Suddenly, governments and public opinions of almost all Western countries have begun to discuss Turkey’s objection against the membership of Stockholm and Helsinki. Even though Turkish officials, including President Recep Tayyip Erdoğan, have declared that Turkey is not against the NATO enlargement in principle, most people have been criticizing Turkey for its policy, claiming that it harms the alliance. Erdoğan addressed this claim after the weekly Cabinet meeting by saying: “Our approach to NATO enlargement stems not from bigotry or hostility, but from our principled stance in our fight against terrorism. We have explained to all of our interlocutors Turkey’s approach to NATO’s enlargement with an emphasis on the fight against terrorism and the importance we lend to the alliance.” Erdoğan has called on not only the candidate states but NATO members to not “walk hand in hand with terrorist organizations.”

The security concerns

Still, the West blames Turkey for its objections to the membership bid of the two countries by maintaining their traditional hierarchical perspective toward Turkey. The Western countries want a “helpful Turkey” and a country that contributes to the security of the West. They have asked Turkey to deter and prevent any threat directed against the West. However, they offer nothing in return, as they used to offer throughout the Cold War. They generally remain indifferent to Turkey’s security concerns. For instance, they claim that they have been supporting the YPG, the Syrian offshoot of the PKK terrorist organization, due to its role in the struggle against Daesh, which is a bigger threat to Turkey rather than the Western countries.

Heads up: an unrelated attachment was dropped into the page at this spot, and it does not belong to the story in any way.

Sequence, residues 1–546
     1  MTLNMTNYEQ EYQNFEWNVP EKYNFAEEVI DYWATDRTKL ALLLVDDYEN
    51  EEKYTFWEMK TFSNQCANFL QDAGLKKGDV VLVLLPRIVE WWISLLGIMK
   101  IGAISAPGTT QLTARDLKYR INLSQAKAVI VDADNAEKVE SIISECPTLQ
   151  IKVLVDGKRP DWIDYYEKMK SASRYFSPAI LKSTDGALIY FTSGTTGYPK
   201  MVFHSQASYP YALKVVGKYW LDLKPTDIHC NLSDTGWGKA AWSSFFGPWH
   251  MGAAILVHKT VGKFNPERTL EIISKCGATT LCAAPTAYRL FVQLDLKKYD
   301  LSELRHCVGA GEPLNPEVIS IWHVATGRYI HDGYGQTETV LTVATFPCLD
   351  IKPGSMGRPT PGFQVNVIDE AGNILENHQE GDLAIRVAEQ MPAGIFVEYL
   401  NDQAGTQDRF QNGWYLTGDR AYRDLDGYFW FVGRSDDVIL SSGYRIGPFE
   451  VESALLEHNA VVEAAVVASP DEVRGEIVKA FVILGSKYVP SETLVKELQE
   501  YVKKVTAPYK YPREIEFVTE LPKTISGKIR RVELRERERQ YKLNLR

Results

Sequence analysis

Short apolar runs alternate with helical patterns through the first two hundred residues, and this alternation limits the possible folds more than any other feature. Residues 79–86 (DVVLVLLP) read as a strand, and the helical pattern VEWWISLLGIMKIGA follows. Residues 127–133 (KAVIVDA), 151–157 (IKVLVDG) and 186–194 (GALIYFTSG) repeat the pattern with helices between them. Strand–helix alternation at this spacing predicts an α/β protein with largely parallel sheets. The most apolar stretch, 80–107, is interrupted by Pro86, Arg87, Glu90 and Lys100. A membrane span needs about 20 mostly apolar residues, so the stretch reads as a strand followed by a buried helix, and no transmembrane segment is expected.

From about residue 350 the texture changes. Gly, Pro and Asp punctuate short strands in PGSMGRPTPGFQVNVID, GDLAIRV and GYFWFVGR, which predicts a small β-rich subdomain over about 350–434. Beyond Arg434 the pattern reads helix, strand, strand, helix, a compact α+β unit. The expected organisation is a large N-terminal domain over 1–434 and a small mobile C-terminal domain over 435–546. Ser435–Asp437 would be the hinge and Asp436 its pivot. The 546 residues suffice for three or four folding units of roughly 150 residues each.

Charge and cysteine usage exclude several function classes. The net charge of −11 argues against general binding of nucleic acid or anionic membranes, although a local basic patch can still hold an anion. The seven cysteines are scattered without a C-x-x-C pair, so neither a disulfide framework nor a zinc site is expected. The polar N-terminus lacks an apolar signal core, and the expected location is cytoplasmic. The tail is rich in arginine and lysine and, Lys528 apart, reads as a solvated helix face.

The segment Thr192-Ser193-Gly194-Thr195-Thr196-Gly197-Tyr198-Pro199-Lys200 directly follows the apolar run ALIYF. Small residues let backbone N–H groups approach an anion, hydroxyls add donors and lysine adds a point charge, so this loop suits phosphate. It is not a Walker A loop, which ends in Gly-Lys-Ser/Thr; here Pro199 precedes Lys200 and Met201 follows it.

In other words, although Turkey has been targeted by different terrorist organizations, including Daesh, more than any Western country, the West uses the struggle against terrorism as an excuse for its anti-Turkey policies. It still remains indifferent to Turkey’s security concerns, and naturally, this causes a loss of trust on the Turkish side. It does not want a strong and independent Turkey capable of resisting external threats. Western states, which do not have an alliance relationship based on the principle of reciprocity, have been trying to keep Ankara dependent on the West.

Considering Turkey’s geostrategic location and its military and political power, the West has to calculate the alternative cost of alienating Turkey. The longer it alienates Ankara politically and militarily, it is the more likely the NATO alliance will lose its relevancy, not only for Turkey but also for many European countries. Sooner or later continental European states such as France and Germany will question the hawkish and conflictual policies toward Russia. Rising economic and political problems, together with the rise of tension and rivalry among the global powers will undermine cooperative multilateral policies. That is, the more the states follow realpolitik and unilateral foreign policies, the more they will diverge on regional and global issues.

[Daily Sabah, May 25, 2022]